AG at CJEU: Facebook must "minimize" personal data for ads in EU

Online Advertising
 /  25 April 2024
Court of Justice of the European Union

Katharina Raabe-Stuppnig, lawyer representing Mr Schrems: "We are very pleased by the opinion, even though this result was very much expected."

Use of data for advertising must be limited by time, type and source. So far, Meta uses all the data it has ever collected for advertising. For example, Facebook user data can go back as far as 2004. To prevent such practices, the GDPR established the principle of "data minimisation" in Article 5(1)(c) GDPR. So far, Meta has simply ignored this and has not foreseen any deletion periods. The application of the 'data minimisation principle' radically restricts the use of personal data for advertising - even if users have consented to ads. It applies regardless of the legal basis used for the processing, so even a user who consents to personalised advertising cannot have their personal data used indefinitely. While the AG says that the national court would have to decide on the details, factors may be the type of personal data (like age -v- behavioral data), the source (like actively provided data -v- passiv technical tracking) or the context of the collection (like on a social network -v- on third pages).

Katharina Raabe-Stuppnig: "Meta has basically been building a huge data pool on users for 20 years now, and it is growing every day. EU law, however, requires 'data minimisation'. If the Court follows the opinion, only a small part of this pool will be allowed to be used for advertising - even if have consented to ads."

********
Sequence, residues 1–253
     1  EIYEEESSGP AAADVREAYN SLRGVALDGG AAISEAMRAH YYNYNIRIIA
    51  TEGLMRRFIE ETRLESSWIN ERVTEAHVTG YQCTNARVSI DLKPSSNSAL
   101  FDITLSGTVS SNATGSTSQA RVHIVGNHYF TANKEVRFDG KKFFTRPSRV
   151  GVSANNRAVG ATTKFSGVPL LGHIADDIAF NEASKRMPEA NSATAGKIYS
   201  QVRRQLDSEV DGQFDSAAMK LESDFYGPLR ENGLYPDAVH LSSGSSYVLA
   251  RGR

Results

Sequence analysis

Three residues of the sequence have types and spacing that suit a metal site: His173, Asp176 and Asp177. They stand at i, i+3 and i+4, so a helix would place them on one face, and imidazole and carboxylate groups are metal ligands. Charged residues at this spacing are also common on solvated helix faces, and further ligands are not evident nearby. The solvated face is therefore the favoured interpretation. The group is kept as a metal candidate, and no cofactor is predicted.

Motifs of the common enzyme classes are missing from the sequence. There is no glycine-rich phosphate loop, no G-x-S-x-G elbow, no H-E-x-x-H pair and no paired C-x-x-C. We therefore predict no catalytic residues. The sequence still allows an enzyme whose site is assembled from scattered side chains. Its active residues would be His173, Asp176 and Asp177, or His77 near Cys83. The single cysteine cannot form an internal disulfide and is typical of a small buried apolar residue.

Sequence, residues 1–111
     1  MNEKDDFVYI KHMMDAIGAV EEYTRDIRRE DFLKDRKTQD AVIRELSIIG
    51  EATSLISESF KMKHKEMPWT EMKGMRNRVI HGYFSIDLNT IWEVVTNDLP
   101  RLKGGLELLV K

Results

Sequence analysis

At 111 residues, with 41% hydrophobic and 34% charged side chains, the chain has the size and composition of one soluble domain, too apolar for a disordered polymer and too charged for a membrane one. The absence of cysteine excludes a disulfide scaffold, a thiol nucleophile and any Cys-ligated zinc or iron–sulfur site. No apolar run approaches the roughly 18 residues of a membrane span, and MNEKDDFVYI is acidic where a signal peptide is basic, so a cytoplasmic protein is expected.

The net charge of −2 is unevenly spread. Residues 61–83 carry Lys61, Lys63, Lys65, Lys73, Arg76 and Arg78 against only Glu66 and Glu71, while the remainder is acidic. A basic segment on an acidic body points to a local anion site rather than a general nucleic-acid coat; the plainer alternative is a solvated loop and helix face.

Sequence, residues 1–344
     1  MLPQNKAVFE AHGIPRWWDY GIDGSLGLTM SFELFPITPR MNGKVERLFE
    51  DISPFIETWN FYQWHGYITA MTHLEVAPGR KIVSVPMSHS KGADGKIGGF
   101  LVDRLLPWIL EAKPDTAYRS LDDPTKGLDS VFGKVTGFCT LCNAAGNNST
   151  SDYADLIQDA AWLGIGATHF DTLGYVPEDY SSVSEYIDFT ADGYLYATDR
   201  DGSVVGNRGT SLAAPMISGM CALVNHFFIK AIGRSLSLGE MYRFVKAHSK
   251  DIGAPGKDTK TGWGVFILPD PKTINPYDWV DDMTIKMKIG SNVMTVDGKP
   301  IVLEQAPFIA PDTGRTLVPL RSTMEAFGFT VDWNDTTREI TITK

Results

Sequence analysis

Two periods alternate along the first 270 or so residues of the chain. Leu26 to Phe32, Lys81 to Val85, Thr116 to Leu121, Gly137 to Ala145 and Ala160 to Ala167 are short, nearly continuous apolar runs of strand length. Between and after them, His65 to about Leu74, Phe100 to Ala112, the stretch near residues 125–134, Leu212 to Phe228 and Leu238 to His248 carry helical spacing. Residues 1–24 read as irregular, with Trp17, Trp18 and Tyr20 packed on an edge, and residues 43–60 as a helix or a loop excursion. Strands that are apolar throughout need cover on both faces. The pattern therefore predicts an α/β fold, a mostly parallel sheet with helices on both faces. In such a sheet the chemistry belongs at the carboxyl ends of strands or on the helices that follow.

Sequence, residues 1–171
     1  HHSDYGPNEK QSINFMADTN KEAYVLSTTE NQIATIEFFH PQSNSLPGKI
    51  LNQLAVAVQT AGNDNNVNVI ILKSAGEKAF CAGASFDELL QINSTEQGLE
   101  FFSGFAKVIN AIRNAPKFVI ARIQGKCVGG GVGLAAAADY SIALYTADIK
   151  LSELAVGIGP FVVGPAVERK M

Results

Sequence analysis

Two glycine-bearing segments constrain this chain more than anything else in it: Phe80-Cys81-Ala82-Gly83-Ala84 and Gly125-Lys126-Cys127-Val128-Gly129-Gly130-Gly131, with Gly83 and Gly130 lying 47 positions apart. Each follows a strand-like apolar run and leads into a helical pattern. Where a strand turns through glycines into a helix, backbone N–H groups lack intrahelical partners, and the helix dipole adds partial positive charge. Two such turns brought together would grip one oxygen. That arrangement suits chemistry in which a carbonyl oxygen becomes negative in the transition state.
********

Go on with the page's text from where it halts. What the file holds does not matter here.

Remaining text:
Limits on "scraping" of personal data - even if "manifestly made public". In the context of the highly personal information that Meta collected about Mr Schrems (via advertising partners), a discussion arose as to whether the subsequent public criticism of such practices would lead to a "waiver" of Mr Schrems' right to privacy in respect of the initially unlawful processing. Mr Schrems always agreed that he made such information public and it generally falls under Article 9(2)(e) GDPR ("mainfestly made public") - while some Member States before the CJEU were questioning this element. While this is a very specific situation of a single user, the interpretation of the law is relevant in the broader context of "web scraping", where publicly available information is simply taken and processed for other purposes. Mr Schrems argued that the principle of "purpose limitation" in Article 5(1) GDPR must be applied in parallel here. This is now also argued by the Advocate General.

Katharina Raabe-Stuppnig: "Just because some information is public, does not mean it can be used for any other purposes. If you make a political comment on social media, it cannot be used for targeting political advertising at you. If users lose all their rights to published information, it would have a huge chilling effect on free speech."